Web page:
A quick roundup of lovely things to read, watch and listen to
A flute player breaks into a British museum and makes off with a million dollars’ worth of dead birds: This American Life podcast examines the extraordinary story behind Kirk Wallace Johnson’s The Feather Thief. As recommended by Andy Childs.
On Radio 4’s Front Row, Philip Hoare and Isabel Stevens discuss the ways in which sharks have been represented in the arts. How much is the cultural representation of these 400 million year old mysterious creatures of the deep a reflection of our own human fantasies and anxieties?
Cheryl Tipp selects a recording of the week for the British Library Sound Archive’s Sound and Vision Blog – exploding gorse seed pods.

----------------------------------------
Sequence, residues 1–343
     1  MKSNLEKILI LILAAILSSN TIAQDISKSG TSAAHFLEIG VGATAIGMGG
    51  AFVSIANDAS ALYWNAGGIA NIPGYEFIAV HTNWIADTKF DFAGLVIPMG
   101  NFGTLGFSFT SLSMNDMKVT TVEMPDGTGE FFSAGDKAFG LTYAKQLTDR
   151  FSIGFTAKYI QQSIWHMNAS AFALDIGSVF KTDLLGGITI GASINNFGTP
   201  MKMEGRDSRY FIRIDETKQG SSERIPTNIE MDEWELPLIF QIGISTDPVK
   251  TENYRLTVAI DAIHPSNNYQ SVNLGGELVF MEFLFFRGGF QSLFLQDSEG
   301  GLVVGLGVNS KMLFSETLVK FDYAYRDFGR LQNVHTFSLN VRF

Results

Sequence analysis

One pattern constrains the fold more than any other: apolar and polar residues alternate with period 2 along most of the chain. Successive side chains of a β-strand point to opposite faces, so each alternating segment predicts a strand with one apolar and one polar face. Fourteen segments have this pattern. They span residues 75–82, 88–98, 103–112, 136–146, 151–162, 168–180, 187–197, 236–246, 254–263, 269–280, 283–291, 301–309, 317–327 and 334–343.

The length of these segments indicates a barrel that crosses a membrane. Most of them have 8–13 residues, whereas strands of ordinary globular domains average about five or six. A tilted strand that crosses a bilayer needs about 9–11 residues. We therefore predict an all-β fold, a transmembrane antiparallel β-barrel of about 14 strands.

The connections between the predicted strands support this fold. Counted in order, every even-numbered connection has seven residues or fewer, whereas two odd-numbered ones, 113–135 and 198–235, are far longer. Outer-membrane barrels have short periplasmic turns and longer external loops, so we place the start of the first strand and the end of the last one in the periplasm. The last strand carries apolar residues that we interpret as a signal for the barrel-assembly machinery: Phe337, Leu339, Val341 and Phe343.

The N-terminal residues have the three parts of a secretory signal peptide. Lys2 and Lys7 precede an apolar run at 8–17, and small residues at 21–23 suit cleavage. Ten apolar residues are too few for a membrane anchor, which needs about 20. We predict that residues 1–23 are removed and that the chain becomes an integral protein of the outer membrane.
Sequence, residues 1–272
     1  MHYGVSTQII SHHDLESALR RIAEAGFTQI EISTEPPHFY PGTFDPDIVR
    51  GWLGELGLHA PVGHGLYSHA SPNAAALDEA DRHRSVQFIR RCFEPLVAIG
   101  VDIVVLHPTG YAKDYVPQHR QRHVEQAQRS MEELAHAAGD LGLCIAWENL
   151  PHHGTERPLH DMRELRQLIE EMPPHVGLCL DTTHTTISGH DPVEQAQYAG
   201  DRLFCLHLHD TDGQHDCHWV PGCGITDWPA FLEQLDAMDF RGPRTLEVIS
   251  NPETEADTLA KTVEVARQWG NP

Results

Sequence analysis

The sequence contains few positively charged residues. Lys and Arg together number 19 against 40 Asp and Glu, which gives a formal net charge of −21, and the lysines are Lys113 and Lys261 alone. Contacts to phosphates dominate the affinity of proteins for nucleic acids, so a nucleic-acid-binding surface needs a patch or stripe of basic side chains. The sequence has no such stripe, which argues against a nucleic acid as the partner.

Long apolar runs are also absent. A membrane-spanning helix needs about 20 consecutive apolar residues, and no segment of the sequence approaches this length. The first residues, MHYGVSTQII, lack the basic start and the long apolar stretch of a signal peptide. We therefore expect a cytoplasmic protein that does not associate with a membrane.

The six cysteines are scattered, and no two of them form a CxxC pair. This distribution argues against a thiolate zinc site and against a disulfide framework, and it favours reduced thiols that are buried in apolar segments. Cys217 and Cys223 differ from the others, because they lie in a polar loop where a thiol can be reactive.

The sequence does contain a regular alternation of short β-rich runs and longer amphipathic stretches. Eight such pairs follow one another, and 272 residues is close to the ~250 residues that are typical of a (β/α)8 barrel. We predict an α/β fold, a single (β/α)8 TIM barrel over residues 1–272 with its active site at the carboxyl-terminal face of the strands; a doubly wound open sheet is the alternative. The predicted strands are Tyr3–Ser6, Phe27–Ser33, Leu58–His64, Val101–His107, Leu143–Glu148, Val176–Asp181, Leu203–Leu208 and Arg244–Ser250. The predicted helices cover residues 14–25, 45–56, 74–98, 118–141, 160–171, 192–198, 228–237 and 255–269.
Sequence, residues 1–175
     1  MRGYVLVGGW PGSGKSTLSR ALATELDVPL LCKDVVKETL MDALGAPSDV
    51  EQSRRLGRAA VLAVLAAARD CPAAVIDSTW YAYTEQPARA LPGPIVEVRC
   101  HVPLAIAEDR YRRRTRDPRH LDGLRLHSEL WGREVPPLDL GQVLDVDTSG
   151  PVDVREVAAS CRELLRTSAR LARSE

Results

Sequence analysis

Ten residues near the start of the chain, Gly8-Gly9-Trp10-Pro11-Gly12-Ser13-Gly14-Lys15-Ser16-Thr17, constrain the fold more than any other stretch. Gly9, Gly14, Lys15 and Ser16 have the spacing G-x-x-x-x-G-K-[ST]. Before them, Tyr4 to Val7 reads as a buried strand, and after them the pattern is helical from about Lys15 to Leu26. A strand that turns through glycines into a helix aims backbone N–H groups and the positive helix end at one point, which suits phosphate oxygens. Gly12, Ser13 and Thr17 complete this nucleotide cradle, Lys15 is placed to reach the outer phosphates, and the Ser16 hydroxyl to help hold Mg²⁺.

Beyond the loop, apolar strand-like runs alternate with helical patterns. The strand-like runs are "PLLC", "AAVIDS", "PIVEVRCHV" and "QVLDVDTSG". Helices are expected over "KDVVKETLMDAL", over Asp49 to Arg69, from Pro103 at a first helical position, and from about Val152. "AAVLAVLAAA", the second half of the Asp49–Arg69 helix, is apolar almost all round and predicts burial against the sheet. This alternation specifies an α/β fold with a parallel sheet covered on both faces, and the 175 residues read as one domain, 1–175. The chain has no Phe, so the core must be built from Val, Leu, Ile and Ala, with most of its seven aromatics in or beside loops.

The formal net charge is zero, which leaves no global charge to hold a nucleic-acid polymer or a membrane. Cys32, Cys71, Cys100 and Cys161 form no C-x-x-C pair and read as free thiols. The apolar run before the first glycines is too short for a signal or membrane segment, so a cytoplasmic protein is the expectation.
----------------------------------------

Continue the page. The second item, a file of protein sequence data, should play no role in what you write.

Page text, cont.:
Ahead of his appearance on our Good Life Experience stage next month, Erland Cooper joins Mary Anne Hobbs on her BBC 6 Music show, and discusses how Orkney’s wildlife inspired his latest work.
Tim Dee muses on stones, geological and kidney, in an essay for Little Toller’s The Clearing: ‘Stone rhymes with bone. And the months of sickness that followed – between a first operation to by-pass my dangerous rock, and, then, a second to remove it – gave me time (feverish at first, enfeebled later, convalescent on a sofa later still) to discover something of my own inner geology, a living landscape, and, having somehow taken a stone inside, to think about what it might mean to have internalised geology.’
Luke Jennings, writing in the Observer, reveals the process of creating the central characters of BBC America smash Killing Eve (which comes to UK screens this Autumn).
And last but not least, how about a stonking poem to round things off? Jack Underwood gives a big shout out to sea animals, figure-skaters, and new coats of paint.